If your dog has hair that grows long, you will have to find a system for keeping it neat and tidy. Dogs hate to have matted fur that is tangled.
Taking them to a trusted groomer is usually the way to go but you can extend trips and lower costs by doing this yourself.
DO NOT USE SCISSORS TO TRIM YOUR DOG’S FUR!
You will cut their skin someday, maybe not the first time but someday?and you will feel guilty about it. Use a brush and plug-in clippers if you plan on trimming yourself. I like to clip, then bathe, towel dry and then gently brush. The clippers are an investment but will help everybody long term.
Ask your groomer, vet tech, or vet for some helpful tips when first taking this on. The clippers can get hot so be wary of running them for extended periods of time. Your pet may not like the sound of the clippers.
You can get them used to it by giving them a little treat while running the clippers. Be prepared for a large volume of hair debris afterwards and plan ahead.
There are many styles of dog brush and every pet seems to have a preference and type of grooming tools that work best with their hair.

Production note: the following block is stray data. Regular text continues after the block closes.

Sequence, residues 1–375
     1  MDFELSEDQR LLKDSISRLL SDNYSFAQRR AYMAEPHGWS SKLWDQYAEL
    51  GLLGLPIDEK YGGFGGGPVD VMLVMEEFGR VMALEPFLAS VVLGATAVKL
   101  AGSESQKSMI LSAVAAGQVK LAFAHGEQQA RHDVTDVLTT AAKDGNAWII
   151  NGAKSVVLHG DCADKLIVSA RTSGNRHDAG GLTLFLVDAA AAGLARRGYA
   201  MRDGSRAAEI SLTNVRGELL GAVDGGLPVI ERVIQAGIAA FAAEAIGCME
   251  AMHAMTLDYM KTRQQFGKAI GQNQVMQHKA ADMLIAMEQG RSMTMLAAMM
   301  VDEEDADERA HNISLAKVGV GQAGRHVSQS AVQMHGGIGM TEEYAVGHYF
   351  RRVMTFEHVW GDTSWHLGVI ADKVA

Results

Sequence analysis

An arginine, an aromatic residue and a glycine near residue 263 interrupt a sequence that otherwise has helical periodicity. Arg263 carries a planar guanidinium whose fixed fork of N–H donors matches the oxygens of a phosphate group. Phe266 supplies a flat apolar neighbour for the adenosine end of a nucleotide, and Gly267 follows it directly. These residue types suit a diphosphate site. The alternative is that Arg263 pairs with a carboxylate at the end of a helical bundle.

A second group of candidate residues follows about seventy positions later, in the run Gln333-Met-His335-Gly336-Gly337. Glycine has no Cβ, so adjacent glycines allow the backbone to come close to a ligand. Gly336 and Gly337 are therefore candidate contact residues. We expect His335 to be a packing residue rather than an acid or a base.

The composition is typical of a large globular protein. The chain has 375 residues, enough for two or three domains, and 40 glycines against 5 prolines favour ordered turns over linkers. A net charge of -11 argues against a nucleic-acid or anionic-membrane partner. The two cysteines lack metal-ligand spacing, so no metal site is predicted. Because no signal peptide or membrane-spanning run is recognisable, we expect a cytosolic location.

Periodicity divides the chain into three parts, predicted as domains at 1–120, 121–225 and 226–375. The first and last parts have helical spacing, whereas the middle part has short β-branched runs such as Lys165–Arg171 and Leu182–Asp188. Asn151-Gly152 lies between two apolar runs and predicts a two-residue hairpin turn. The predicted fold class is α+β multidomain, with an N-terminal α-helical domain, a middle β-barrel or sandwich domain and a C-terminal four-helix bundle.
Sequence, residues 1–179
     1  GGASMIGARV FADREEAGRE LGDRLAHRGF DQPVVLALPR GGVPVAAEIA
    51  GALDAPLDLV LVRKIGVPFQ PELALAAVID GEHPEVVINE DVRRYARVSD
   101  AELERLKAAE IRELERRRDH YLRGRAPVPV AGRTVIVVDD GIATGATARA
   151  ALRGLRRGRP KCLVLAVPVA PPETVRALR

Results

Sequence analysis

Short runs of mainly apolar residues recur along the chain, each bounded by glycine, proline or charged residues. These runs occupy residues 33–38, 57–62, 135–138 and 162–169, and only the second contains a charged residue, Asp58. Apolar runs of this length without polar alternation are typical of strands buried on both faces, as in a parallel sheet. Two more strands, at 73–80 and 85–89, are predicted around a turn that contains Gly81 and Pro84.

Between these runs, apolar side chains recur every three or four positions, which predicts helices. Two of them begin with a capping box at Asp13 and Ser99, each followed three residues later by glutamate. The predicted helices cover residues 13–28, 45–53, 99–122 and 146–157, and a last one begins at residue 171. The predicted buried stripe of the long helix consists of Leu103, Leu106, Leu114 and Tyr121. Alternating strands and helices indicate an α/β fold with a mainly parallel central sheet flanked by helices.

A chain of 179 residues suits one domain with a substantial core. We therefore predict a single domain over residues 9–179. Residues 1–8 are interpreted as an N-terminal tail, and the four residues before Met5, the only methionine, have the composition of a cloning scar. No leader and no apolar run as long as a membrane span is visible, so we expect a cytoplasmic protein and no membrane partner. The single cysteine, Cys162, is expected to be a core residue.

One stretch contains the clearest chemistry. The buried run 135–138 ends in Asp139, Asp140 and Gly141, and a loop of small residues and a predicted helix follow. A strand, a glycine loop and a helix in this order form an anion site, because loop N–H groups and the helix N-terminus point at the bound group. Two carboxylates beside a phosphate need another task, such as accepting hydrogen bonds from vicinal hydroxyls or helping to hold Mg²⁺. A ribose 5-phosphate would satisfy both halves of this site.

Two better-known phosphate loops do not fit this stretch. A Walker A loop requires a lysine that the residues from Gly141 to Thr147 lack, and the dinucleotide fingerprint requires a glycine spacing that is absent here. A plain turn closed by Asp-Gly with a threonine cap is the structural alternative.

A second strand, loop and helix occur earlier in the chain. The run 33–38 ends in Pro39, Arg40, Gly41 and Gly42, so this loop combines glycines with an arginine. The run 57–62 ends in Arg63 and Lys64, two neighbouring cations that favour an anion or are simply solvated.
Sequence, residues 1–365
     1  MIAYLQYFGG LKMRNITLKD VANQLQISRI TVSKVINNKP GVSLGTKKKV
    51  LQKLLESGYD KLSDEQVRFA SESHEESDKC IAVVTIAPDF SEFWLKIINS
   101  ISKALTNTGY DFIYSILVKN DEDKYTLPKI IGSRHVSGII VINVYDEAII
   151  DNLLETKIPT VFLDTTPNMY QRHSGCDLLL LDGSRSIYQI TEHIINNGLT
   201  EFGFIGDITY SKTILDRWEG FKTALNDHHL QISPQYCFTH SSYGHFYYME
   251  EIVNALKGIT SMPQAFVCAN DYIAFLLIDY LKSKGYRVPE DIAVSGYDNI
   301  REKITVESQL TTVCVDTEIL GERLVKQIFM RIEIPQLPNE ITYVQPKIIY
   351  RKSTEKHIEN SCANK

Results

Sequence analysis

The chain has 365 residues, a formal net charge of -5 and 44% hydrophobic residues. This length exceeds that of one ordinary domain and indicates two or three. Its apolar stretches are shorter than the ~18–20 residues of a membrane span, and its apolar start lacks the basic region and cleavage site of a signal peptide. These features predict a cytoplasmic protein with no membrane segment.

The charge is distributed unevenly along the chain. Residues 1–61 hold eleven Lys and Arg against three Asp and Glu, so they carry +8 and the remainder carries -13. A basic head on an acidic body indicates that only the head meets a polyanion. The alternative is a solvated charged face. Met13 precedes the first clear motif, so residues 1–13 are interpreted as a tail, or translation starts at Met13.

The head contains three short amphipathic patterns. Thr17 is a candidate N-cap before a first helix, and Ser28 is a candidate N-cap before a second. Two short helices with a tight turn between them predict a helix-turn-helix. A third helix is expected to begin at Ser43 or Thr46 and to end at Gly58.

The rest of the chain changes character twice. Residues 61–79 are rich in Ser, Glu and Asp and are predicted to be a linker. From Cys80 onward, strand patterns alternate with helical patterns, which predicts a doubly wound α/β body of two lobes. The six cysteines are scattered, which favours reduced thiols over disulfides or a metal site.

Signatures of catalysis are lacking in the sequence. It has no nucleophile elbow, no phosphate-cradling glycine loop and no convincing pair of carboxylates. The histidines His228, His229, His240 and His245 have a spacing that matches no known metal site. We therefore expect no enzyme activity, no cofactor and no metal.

Each dog has a balance of how often they should be bathed. Some dogs need it every few weeks; others might never need a bath.
If you bathe too often you can dry your pet’s skin out so it is important to check for flakiness a few days after bathing.
Many dogs can avoid skin infections by occasional bathing so you will have to experiment to find the ideal schedule. Try to keep water out of your dog’s ears during the bath.
Flushing your dog’s ears with ear cleaner after a bath will go a long way to preventing ear infections from cropping up a few days later.
Areas that are especially prone to tangling are under the tail right around the bum hole, under the armpits and on the side of the head near the ears. Furry feet can collect dirt, ice balls, burs, and make it hard to walk or trim nails so you may want to shorten this area also.